Author Colin Wright discusses the ways in which our unconscious brain picks up on small cues and differences about people that we meet before we are able to form complete judgements of others as human beings. These small cues and differences shape the way we think about other people and influence our behavior, often times without us ever realizing.  In his book, Come Back Frayed, Wright explains this phenomenon by writing the following:

 

“It’s remarkable how our peculiarities can set us apart so dramatically and rapidly. Even before we truly recognize each other as humans, as complete people with depth and density, we recognize things about strangers that help us categorize the world. These biases, and sometimes prejudices, color the world around us with tones that guide our actions and opinions.”

 

Before we have met someone we are already preparing ourselves for what we expect our interactions with them to be like. These biases are huge because they prevent us from treating everyone as openly and fairly as we would like, and they exist within ourselves and within the other person at the same time. The way we frame the other person and the types of expectations we bring to a  conversation shape the actions and behaviors that we will have. If we instantly feel negative feelings at the sight of another, it is unlikely that our interactions with them will be positive.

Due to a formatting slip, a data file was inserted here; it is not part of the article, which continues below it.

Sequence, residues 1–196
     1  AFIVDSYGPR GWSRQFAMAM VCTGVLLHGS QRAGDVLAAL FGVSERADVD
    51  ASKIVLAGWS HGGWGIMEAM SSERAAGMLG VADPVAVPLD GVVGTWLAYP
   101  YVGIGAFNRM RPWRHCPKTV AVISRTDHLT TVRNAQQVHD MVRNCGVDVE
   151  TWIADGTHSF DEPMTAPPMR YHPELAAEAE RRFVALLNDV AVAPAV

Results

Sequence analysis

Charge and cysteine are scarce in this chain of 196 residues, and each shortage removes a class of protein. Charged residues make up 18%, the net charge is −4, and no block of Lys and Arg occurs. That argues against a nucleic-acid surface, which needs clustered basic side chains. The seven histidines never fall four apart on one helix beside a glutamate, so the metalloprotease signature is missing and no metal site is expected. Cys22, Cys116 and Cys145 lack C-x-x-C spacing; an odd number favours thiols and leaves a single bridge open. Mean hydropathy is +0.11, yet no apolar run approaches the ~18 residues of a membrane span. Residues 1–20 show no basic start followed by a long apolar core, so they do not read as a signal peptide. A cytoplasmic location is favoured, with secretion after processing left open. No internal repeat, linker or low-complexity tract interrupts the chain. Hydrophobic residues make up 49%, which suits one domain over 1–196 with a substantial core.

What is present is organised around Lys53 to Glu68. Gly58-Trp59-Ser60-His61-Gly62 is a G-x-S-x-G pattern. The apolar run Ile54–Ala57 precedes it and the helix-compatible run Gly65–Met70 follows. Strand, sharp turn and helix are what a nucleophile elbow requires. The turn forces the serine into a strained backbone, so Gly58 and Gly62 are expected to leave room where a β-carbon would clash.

Wright would encourage us to become more self-aware and to develop processes of self-recognition so that we can acknowledge those moments when we have immediate reactions to another person. We can develop skills to notice when the tribal part of our brain labels someone as an outsider, and drives us to act in ways that push the other person away. Becoming self-aware helps us see the ways in which these small cues influence much of the way we interact with the world, and gives us the power to better control the world around us.

 

If we fail to gain perspective over our instant reactions to other people, then we will never allow people who are different from us to truly participate in society. Our actions will be colored by the reactionary perceptions of our brain, and we will never develop the empathy needed to improve the world for all of those around us. Accepting  that we judge others before ever meeting them, and before we ever consider who they are as human beings, give us the ability to overcome biases, and to help society become more connected and unified regardless of race, ideology, age, or gender.